Early on, there was, and I guess, there’s still sort of, is this idea of passive income, all you have to do is put it out there, and it will just go forever. And that’s not the way that things are. You have to be willing to find those trusted sources of information because everybody has an ebook to sell you, or a class, or something.
Half the time, the people trying to sell you something are making money because they’re able to sell you something. Not because they had some special sauce that made them successful. So you have to find the sources that you trust when those changes happen, know how to adapt and reverse and move from Instagram is a photo-sharing app, need to do reels and stories, and all the different things you have to do these days.
What advice would you give to someone starting a blog today?
Laura: I would say learn SEO. That’s the biggest thing. And then think carefully about your topic. Ideally, you would pick a niche in which you can develop some authority and develop a lot of content.
To do well in search and build up that authority, you need to become a trusted source. So you have to have a certain amount of information to share around a singular topic. I think it is harder and harder these days for people to start more general lifestyle blogs, even general travel blogs. Those kinds of things can be difficult. But if you can focus down, it often is a quicker path to success.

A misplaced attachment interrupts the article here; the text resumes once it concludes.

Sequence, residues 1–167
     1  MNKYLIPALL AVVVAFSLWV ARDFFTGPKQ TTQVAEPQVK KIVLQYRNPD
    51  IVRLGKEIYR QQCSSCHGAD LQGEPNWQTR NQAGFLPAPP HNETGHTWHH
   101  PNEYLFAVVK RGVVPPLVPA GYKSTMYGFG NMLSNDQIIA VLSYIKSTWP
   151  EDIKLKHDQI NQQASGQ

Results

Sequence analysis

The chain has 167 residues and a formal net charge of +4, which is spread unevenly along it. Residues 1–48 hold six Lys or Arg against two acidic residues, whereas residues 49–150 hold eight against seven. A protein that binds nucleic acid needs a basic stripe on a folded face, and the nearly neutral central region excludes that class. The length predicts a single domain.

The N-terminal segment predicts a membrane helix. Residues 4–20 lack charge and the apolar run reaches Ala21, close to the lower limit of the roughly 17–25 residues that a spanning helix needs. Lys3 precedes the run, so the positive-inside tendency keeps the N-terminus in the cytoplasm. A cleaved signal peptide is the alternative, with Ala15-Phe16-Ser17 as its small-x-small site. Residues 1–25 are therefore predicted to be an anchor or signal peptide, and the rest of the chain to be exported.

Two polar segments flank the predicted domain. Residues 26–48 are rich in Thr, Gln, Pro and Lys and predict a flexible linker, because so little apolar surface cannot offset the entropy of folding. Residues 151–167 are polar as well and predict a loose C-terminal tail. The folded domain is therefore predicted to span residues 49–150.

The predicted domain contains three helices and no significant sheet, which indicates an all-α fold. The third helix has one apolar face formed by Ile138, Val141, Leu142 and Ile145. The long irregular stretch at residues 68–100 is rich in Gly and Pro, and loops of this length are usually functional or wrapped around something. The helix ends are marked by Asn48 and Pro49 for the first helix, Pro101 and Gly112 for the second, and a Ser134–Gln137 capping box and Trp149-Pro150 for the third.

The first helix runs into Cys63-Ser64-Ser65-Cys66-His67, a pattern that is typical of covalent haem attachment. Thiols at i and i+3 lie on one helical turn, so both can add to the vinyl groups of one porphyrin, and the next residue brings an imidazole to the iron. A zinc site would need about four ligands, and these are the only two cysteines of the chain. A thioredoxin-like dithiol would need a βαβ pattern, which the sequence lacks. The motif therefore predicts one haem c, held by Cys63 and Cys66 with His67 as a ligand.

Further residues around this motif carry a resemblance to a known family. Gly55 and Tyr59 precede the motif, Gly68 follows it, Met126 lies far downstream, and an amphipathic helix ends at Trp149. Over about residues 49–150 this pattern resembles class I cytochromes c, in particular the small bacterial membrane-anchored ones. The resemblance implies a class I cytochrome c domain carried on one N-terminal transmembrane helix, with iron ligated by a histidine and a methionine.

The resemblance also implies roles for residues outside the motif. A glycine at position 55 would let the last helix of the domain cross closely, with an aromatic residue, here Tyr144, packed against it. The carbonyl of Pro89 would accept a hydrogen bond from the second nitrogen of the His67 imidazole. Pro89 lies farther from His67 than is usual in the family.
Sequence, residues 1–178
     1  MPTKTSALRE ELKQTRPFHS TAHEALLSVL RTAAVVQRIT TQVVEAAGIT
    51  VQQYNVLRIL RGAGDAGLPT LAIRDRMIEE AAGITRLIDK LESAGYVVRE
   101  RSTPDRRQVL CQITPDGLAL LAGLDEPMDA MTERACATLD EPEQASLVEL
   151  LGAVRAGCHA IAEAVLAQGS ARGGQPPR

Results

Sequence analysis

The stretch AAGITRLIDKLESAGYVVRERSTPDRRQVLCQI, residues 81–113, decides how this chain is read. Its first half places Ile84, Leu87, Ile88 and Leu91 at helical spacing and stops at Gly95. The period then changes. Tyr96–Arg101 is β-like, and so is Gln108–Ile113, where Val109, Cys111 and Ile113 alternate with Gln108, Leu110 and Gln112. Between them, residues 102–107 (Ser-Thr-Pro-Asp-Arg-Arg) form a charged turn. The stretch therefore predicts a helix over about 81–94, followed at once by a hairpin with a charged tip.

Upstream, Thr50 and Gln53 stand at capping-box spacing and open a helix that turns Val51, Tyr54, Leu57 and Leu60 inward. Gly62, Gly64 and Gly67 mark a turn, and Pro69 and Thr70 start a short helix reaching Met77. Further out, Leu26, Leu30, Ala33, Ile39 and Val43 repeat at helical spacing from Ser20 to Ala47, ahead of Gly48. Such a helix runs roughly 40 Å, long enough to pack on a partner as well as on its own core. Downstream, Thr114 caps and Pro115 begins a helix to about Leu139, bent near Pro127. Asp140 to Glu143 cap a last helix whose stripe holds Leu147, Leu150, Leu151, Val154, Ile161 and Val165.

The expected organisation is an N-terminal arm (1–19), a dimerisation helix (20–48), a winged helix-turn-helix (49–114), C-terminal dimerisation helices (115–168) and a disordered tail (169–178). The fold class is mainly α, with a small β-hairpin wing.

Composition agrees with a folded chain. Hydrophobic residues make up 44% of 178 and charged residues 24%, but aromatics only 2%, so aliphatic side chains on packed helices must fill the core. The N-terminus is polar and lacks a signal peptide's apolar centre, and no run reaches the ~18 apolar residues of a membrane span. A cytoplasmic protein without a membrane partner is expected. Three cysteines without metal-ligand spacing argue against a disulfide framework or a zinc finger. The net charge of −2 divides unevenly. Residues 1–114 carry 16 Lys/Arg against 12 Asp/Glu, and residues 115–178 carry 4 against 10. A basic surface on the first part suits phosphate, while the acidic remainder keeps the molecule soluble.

As I said, finding those trusted sources of information is also important because everybody has something to sell you, and everybody has an opinion. And just because something worked for this famous successful blogger doesn’t mean it’s going to work that well for you.
Many people are successful because they’ve been at it a long time, and they’ve done a few of the right things, and the wrong things they have done are outweighed.
But you may unknowingly follow the bad thing just because you think, “Oh, this person is successful, and they’re doing this. So, therefore, I should do that.” It doesn’t always work that way. You got to find the trusted sources.
How has Tailwind helped your blog?
Laura: We have been active Pinterest users for probably, I don’t even know, seven, eight, nine years, I mean, a long time.
So having a tool like Tailwind makes the scheduling easy, makes us able to work it around our schedule, and helps us target the right times to post.